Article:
TITLE

Laparoscopic gastric plication and its effect on saccharide and lipid metabolism: a 12-month prospective study

AUTHOR(S)
bužga, Marek; Holéczy, Pavol; Švagera, Zdeněk; Zonča, Pavel
PUB. DATE
July 2015
SOURCE
Videosurgery & Other Miniinvasive Techniques / Wideochirurgia i;2015, Vol. 10 Issue 3, p398
SOURCE TYPE
Academic Journal
DOC. TYPE
Article
ABSTRACT
Introduction: Laparoscopic greater curvature plication (LGCP) is a novel restrictive technique that reduces gastric volume by plication of the greater curvature. The advantage of LGCP is its reversibility in comparison to laparoscopic sleeve gastrectomy. Nowadays, the long-term LGCP efficacy, safety and metabolic effect are being investigated. Aim: To assess body composition, clinical complications and metabolic changes in obese patients 6 and 12 months after laparoscopic greater curvature plication. Material and methods: A total of 70 subjects underwent LGCP; 52 of them (33 women and 19 men) completed 1-year follow-up study. Anthropometry and biochemical parameters (glucose, glycated haemoglobin, lipids, ghrelin, leptin, adiponectin and fibroblast growth factor 21 [FGF-21]) were assessed before and 3, 6, and 12 months after surgery. Results: All study participants exhibited statistically significant weight loss at both 6 and 12 months following the LGCP compared to baseline, with significant reductions in body composition - body weight, body mass index, percentage excess weight loss (%EWL), and percentage excess BMI loss (%EBL) (p ≤ 0.001). Moreover, significant lowering of glucose and glycated haemoglobin, triacylglycerols and leptin was observed 12 months after LGCP. On the other hand, plasma concentrations of ghrelin, adiponectin and LDL cholesterol increased significantly. Total cholesterol, LDL cholesterol and FGF-21 levels did not change significantly. Conclusions: Laparoscopic greater curvature plication appears to be a procedure with good restriction results, which might be mediated through alteration in incretin metabolism. Technical aspects and standardization of the procedure still remain to be worked out.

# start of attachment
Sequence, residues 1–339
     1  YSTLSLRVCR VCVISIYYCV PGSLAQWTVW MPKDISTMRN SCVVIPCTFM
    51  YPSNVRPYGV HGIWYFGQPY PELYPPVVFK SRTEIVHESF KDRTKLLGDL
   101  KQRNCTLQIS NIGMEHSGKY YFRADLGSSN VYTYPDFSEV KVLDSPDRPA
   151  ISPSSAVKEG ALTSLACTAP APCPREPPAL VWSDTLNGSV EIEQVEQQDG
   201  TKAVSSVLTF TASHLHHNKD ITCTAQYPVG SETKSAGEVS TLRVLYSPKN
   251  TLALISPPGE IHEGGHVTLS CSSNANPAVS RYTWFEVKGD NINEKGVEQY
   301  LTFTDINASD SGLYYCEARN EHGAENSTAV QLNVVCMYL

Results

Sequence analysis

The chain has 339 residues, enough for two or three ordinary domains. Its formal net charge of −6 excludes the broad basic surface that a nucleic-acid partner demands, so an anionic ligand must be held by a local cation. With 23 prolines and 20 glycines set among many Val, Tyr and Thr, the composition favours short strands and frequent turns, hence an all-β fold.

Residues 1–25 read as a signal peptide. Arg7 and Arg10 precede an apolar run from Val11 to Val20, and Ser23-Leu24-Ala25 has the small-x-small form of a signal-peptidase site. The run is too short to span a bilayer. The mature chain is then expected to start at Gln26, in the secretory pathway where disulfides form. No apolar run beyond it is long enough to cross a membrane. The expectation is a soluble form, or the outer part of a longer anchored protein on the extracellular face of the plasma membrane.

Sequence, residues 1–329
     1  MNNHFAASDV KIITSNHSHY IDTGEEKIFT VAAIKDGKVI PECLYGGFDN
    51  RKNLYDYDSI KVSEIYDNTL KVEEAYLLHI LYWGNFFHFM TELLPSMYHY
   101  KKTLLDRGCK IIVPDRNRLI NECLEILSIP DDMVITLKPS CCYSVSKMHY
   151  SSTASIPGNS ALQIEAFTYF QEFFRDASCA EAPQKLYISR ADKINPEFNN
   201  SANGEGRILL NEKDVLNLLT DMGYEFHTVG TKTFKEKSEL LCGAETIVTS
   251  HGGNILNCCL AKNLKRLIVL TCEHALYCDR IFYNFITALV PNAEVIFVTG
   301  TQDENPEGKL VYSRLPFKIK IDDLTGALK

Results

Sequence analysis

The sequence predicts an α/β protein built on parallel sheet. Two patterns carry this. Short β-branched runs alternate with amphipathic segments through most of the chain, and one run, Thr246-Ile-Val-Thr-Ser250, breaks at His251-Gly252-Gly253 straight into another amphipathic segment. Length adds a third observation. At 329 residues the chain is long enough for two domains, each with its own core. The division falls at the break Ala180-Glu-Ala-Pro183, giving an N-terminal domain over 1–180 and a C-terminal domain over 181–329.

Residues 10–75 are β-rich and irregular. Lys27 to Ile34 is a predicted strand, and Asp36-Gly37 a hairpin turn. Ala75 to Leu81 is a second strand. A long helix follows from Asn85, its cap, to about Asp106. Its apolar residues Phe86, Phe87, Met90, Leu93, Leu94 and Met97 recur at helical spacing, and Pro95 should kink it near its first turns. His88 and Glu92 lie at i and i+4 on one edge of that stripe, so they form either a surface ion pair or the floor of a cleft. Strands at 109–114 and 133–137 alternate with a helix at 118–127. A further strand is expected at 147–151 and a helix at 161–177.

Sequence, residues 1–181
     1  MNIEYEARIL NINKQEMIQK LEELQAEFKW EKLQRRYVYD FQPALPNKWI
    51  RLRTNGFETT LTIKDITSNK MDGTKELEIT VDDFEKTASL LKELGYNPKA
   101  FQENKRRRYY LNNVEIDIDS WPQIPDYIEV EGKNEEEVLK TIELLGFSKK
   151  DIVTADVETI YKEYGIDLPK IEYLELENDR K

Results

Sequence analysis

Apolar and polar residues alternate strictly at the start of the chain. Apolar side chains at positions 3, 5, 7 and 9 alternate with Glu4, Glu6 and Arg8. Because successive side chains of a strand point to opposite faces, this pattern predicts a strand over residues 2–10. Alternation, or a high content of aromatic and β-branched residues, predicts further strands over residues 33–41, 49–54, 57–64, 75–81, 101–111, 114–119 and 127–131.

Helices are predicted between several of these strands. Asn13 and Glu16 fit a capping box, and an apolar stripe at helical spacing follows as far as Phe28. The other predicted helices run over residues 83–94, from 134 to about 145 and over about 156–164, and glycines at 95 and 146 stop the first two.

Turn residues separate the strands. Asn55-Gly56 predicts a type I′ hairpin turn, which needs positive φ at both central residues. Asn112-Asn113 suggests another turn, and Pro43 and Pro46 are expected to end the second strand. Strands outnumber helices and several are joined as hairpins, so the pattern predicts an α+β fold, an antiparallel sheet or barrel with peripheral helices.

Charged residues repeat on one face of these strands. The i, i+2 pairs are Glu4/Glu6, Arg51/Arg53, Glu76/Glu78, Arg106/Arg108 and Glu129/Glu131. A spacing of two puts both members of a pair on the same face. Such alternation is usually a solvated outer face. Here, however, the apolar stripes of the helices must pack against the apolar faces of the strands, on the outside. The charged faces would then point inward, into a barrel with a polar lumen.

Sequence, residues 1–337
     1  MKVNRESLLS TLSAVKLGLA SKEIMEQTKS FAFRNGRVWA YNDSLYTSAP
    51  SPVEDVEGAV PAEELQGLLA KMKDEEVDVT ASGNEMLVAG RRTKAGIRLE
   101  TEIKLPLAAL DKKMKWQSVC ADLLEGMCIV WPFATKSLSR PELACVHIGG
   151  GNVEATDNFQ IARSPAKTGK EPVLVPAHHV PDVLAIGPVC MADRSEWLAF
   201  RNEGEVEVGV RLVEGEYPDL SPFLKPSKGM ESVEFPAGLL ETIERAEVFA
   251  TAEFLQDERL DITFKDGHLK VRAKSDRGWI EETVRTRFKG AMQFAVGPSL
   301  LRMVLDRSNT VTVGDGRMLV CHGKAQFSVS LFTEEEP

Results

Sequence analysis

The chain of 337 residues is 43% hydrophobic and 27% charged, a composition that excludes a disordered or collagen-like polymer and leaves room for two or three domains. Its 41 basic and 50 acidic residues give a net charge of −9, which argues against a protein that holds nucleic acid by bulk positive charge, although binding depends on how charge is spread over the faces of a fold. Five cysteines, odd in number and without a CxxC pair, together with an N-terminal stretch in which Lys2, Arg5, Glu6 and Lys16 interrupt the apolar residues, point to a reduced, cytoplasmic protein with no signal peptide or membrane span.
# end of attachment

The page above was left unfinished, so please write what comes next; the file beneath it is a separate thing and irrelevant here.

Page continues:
ACCESSION #
110397494

 

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